North Dakota raises ‘serious concerns’ about Bureau of Land Management’s proposed changes to federal land management
BISMARCK, N.D. – The state of North Dakota has submitted an official comment raising “serious concerns” about proposed changes to how the U.S. Bureau of Land Management (BLM) administers public land in North Dakota.
BLM released its proposed changes to the North Dakota Resource Management Plan on Jan. 20, along with a Draft Environmental Impact Statement (EIS). Together, the documents address the management of approximately 58,500 acres of BLM-administered surface and 4.1 million acres of federal mineral estate in North Dakota for the next 20 to 30 years.
The original 90-day public comment period was extended for North Dakota until May 22. On Monday, in collaboration with Gov. Doug Burgum, the Governor’s Office and several executive branch agencies, North Dakota Attorney General Drew Wrigley submitted official comments to BLM on behalf of the state.
Among the chief concerns is that BLM’s two preferred plan alternatives would withdraw large portions of public lands in North Dakota from mineral development. In the process, BLM also would effectively strand many acres of state-owned and privately owned land because of the checkerboard pattern of mineral ownership in North Dakota. The state notes that BLM lacks authority from Congress to impose these blanket surface restrictions on state and private lands or those managed by other federal agencies, and that restricting mineral development on these lands won’t reduce demand for minerals but will hurt the environment by forcing state and private minerals to be developed less efficiently.
“As Americans struggle with high energy prices and inflation, the Biden administration continues to wage its misguided war on the energy industry in North Dakota – including this Resource Management Plan that attempts to further restrict development of our abundant oil, natural gas and coal resources,” Burgum said. “As a nation, we should be responsibly developing our natural resources and selling energy to our friends and allies instead of buying energy from our enemies. With the comments submitted by Attorney General Wrigley this week, our North Dakota executive branch agencies – including the Department of Mineral Resources, Department of Water Resources, Department of Trust Lands and Public Service Commission – continue to push back against federal overreach and support responsible mineral development to ensure North Dakotans have access to clean, reliable, affordable energy.”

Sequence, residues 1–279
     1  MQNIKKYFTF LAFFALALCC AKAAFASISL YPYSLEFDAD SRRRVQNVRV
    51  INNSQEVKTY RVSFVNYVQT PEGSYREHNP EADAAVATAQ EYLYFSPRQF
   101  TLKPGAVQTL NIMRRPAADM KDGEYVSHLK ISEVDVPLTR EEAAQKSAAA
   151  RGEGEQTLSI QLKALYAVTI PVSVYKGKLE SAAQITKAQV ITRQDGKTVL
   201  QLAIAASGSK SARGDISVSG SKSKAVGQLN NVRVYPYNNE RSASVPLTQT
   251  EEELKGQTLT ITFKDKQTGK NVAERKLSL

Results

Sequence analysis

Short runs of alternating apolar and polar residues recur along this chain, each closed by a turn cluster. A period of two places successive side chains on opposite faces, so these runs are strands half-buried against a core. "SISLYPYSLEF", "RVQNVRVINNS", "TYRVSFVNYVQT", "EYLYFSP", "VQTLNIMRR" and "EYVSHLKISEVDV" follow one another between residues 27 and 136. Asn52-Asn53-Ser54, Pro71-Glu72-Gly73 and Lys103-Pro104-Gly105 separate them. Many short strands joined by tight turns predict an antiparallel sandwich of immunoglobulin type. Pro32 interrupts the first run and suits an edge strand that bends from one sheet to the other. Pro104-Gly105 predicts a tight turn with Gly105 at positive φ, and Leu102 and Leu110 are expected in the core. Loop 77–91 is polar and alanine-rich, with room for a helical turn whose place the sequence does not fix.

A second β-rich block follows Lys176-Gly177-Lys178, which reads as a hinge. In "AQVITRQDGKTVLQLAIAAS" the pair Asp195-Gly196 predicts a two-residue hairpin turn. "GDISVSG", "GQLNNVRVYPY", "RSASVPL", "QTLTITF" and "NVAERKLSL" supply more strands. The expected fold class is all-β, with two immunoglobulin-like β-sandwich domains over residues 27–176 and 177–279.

In the comments, Wrigley calls on BLM to adopt an alternative that doesn’t carry the significant legal and technical issues as BLM’s preferred alternatives, and to modify the plan to comply with a recent federal court decision that ordered BLM to resume quarterly sales of oil and gas leases on public lands in North Dakota.
Burgum chairs both the North Dakota Industrial Commission, which oversees the Department of Mineral Resources, and the Board of University and School Lands (Land Board), which oversees the Department of Trust Lands. The Department of Water Resources is a cabinet agency whose director reports to the governor. The Public Service Commission is an independently elected body that regulates the state’s utilities and siting of energy infrastructure, among other duties.
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